Conservative leader David Cameron has outlined his party's IT strategy for government saying there would be a "level playing field for open source software in IT procurement" and no room for projects like the "hubristic NHS supercomputer".
He also proposes "spending transparency" in which "every public body must publish every item of Government expenditure over £25,000, increasing accountability to the taxpayer".
It is unclear, however, how this would be achieved in practice or how much detail would be required on spending over £25,000.
Cameron's speech "Innovation must be at the heart of public policy" was at the National Endowment for Science, Technology and the Arts.
He said, "We will follow private sector best practice which is to introduce 'open standards' that enables IT contracts to be split up into modular components. So never again could there be projects like Labour's hubristic NHS supercomputer. And we will create a level playing field for open source software in IT procurement and open up the procurement system to small and innovative companies."
He added, "We're going to move from a top-down system to a bottom-up one, where money follows the needs and wishes of individuals and the users of services - not the priorities of the bureaucracy."
He said open source methods "can help overcome the massive problems in government IT programmes" adding, "The basic reason for these problems is Labour's addiction to the mainframe model - large, centralised systems for the management of information.
"From the NHS computer to the new Child Support Agency, they rely on 'closed' IT systems that reduce competitive pressures and lead to higher risks and higher costs. A Conservative government will take a different approach. We will follow private sector best practice which is to introduce 'open standards' that enables IT contracts to be split up into modular components."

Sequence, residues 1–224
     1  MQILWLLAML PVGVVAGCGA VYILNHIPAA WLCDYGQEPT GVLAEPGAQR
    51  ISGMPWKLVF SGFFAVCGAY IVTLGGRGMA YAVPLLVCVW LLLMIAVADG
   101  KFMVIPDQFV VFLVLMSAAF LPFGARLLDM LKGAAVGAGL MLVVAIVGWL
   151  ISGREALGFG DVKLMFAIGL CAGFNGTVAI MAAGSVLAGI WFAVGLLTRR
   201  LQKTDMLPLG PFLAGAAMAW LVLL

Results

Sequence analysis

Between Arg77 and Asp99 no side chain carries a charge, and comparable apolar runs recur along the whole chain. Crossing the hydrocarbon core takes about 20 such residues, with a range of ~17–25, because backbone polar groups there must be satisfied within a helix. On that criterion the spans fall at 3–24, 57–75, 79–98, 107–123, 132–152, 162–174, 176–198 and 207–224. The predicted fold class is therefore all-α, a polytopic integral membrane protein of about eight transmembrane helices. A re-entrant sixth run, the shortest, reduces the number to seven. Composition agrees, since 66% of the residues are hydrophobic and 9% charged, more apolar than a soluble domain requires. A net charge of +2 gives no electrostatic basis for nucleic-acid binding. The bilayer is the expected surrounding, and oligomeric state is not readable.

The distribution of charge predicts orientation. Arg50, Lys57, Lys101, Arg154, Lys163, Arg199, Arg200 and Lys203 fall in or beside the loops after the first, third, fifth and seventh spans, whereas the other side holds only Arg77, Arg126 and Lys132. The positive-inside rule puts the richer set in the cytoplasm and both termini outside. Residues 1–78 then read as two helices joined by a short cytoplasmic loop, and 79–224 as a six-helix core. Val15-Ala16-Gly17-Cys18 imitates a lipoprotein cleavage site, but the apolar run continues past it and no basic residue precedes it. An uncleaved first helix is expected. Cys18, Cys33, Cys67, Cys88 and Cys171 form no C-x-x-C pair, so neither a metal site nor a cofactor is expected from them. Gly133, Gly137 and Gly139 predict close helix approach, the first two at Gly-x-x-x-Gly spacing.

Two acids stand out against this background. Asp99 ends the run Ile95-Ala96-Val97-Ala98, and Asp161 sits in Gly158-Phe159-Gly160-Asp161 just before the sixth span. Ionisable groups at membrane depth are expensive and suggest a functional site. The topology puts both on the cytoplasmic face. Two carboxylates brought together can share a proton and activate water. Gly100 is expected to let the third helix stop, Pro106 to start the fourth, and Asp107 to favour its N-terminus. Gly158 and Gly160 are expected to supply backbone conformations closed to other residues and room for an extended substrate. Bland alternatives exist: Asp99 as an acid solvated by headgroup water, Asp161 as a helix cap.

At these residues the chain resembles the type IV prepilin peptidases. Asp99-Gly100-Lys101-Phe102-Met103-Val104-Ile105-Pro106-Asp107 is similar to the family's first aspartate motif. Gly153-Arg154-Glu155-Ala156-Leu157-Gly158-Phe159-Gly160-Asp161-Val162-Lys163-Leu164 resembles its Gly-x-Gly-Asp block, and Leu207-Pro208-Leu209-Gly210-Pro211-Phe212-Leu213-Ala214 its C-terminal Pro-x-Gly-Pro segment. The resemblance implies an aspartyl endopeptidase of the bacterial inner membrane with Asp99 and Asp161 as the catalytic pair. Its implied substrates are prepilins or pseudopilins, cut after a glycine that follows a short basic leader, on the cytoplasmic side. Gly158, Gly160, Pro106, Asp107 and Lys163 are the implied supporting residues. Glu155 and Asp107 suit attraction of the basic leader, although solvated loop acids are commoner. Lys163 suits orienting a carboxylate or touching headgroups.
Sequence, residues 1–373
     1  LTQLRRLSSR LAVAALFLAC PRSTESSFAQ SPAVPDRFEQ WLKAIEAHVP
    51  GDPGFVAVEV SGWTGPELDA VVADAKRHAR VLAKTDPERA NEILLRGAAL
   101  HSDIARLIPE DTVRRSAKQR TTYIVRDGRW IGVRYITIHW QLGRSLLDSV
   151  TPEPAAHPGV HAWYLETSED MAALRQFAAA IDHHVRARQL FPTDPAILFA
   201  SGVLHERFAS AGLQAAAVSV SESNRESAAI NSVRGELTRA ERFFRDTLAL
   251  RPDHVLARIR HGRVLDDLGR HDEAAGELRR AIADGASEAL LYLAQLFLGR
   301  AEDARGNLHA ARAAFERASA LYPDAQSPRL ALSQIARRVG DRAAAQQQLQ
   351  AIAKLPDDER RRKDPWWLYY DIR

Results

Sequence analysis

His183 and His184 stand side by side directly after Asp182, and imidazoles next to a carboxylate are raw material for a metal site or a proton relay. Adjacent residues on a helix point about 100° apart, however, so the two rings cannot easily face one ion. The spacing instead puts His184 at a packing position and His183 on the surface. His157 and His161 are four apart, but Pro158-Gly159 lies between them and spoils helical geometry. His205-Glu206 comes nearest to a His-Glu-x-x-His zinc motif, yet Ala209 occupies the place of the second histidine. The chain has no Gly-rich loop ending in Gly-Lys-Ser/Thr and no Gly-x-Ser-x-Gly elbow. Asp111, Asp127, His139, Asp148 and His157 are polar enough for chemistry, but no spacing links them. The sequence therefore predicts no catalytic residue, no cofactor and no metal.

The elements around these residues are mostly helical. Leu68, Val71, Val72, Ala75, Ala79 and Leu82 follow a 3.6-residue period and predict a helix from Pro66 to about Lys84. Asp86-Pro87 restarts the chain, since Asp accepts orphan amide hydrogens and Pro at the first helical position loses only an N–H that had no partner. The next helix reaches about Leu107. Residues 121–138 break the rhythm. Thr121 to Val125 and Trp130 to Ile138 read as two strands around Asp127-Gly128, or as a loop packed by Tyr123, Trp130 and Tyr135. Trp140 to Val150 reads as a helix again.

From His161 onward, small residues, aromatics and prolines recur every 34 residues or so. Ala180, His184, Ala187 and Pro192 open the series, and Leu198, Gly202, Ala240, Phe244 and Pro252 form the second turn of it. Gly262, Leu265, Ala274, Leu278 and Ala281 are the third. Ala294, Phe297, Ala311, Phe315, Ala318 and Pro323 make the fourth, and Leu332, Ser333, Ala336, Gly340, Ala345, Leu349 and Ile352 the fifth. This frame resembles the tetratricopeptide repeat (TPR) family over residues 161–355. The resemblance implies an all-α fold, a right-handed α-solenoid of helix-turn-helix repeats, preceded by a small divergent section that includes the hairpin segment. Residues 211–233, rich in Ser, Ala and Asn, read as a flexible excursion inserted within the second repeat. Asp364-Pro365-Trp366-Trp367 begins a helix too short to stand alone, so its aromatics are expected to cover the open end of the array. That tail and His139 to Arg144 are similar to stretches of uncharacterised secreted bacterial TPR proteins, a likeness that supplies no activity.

He added that the use of open source software through IT procurement could result in "savings to the taxpayer of hundreds of millions of pounds per year". It's unclear, however, whether EC procurement rules would allow open source software to be specified in tenders.
Cameron said, "Linux, the open source pioneer, is now the fastest growing operating system in the world, and even IBM is basing their new hardware on it. Information liberation could be hugely beneficial in the new economy.
"After all, what are the great new giants of the internet - from Myspace to eBay - but information processing systems? These companies have grown because people rely on them to transmit information quickly, easily, cheaply and securely. Imagine if the information that government controlled was available to the public too?"
His proposals include standardising local government information, so it can be "collected and used by the public and third party groups" to "create innovative applications and public services" and crime mapping, so the "public can see a constantly updating picture of crime in their area, increasing the accountability of local police and politicians".
And instead of asking where the voluntary sector fits in, Cameron's party would ask where it doesn't fit in. The Conservatives would "concentrate on the results that public services deliver, not prescribe the processes they have to follow".